by Michael Kerwin
Three of the most influential technology trends are the reduction in on-site technology equipment space requirements, the increasing mobility of devices, users and applications, and the growing use of collaboration tools and activities.
How do design approaches often conflict with technology trends?
- Current design approaches to technology are commonly retrospective. For example, how many project design meetings have you attended where you heard, “In our past projects…”, “Other clients have said…”, or, “We have not done that in other projects.”? Another common owner-side phrase is, “Here are our standards and what we expect.” From a future-sensitive perspective these approaches look back in history and away from the impact of trending technologies. This increases the distance between what is typically designed and where the technologies and uses will be when the project is completed. Effective technology design requires that all parties are looking toward the future and identifying specific actual requirements for the project at hand.
- Mobility – In our recent survey of college students, no respondent had ever used a patch cord to plug their laptop or tablet into a wired data jack. At the same time, almost every one of the institutions that they attend have standards and practices that demand that multiple outlet cable jacks be installed throughout new and renovated projects whether residential or academic. There is a serious gap between what is required and what is provided.
- Collaboration – The use of devices to access information that is on-line, “in the cloud”, and simultaneously available, allows people to interactively create, review, edit, and modify content. This is collaboration. But, how often do you attend design sessions where people stress that collaboration spaces require a large monitor with a group of people sitting in a horse shoe shape around it? This style of room design is configured for people to watch one-person work, not for a group to collaborate. The effective modern collaboration methods that we observe in education and business settings consist of multiple people each using their own device to access a common resource and simultaneously review, edit, and modify it. Modern collaboration is less dependent upon specific rooms or settings, it is based on the process of contributors leveraging their device of choice and accessing common resources to add value. Modern collaboration is effective regardless of geography. The common factor is access to shared resources, with good audio and visual communications.
How may we better integrate these trends into successful future-sensitive designs?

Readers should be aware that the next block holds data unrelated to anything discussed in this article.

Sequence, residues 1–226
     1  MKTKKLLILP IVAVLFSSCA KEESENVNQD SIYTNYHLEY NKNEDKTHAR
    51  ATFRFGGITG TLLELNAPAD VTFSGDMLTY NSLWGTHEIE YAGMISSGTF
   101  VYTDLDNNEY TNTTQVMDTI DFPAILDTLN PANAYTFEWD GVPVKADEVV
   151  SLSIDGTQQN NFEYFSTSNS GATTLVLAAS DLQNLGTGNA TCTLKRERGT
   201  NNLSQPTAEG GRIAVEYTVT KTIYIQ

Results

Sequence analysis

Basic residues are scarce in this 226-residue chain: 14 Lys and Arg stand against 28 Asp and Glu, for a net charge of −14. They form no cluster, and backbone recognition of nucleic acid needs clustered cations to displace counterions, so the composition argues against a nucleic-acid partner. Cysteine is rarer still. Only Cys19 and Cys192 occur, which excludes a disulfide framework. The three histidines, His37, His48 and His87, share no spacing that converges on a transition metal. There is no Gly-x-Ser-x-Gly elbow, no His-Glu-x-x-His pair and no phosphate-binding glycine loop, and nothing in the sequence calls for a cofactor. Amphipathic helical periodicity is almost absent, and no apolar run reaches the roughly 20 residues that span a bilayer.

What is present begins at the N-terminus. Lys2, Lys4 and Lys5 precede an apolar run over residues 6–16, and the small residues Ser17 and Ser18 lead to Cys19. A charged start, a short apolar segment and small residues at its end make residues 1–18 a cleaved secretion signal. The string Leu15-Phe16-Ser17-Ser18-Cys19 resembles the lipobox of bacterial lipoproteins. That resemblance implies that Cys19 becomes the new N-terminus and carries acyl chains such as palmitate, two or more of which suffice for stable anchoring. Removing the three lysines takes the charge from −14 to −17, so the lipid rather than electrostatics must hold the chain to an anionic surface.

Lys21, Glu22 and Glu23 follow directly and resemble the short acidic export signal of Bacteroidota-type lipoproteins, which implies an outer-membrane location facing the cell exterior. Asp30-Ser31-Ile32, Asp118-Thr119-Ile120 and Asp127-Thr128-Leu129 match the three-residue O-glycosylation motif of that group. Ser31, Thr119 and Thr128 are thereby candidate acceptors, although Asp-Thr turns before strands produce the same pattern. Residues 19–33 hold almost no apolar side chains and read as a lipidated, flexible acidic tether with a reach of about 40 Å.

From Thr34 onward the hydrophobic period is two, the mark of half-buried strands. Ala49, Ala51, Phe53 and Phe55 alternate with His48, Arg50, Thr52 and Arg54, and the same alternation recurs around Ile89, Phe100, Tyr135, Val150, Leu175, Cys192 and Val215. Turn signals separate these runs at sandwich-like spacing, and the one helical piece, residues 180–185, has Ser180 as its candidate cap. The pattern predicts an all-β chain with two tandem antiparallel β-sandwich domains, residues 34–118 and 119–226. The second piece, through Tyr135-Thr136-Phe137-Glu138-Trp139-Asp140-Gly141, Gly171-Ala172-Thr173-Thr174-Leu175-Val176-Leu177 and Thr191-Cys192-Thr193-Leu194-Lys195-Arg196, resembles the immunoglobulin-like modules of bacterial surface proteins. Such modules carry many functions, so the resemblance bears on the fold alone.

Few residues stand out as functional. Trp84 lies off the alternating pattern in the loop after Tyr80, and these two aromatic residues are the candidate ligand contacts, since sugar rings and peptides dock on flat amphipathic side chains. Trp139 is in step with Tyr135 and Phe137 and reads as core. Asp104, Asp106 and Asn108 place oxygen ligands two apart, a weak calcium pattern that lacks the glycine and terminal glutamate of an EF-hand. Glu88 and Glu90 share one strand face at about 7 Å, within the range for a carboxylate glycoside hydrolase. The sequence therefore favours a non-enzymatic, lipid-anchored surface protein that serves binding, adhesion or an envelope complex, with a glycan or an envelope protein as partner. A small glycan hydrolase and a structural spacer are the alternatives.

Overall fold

Reduction in on-site space requirements – A new university science research and academic building design included 1,000 square foot for “IT Server/Security Room.” When pressed about the requirements for these spaces, the university stated that they had two on-campus new data centers with high levels of availability and redundancy and didn’t know where this requirement originated. The designer said, “I heard that some grants may require servers to be secure, so you would need this room in the building, and you might need a security room.” The raw construction budget for this space was significant. Of greater concern is that the cost if this space had been fit-up with the power, cooling, cabinets, and consoles would have been over a million dollars. Result: The space was repurposed into a “commons” for education and group activities, meeting a specific program requirement that was not in the current design and budget. Conclusion: identify project specific requirements, rationalize them with future trends and current resources, and carry only validated needs into the design.
Mobility – A university academic science center started the design process with the direction that “Our students are wireless.” They ended the design process with “Our standards require four cables at each faceplate and we require multiple faceplates per room, space, corridor, etc.” This (vendor driven change) resulted in a total cost of over $1.8M for cabling and network electronics that the students will not use. High performance wireless connectivity was already included in the technology designs. In this case, the money did little to advance the project goals of creating spaces for effective learning. Conclusion: Sometimes it doesn’t make sense.
True collaboration – A large research facility designed a new space where everyone has a laptop. The design includes 38 “collaboration” and “small group workrooms.” Each of these spaces is equipped with a large wall mounted display and chairs packed around a table. In meetings, people all open their laptop and work on them throughout the session (not always on topic). The facility has concerns about security and is going to great lengths to mitigate display visibility to people walking in the adjacent corridors. Options include window films, automated window treatments, angling the monitor etc. Conclusion: Traditional (old) concepts of how people collaborate in the modern cloud-based world do not reflect emerging collaboration models. Focus on fewer dedicated spaces, recognize that collaboration is more about connectivity than geography, provide comfortable headsets, and support easy teamwork tools such as Skype, Hangouts, Webex, etc.
Mike Kerwin RCDD, CCS, DCCA is a Principal with Vanderweil Engineers.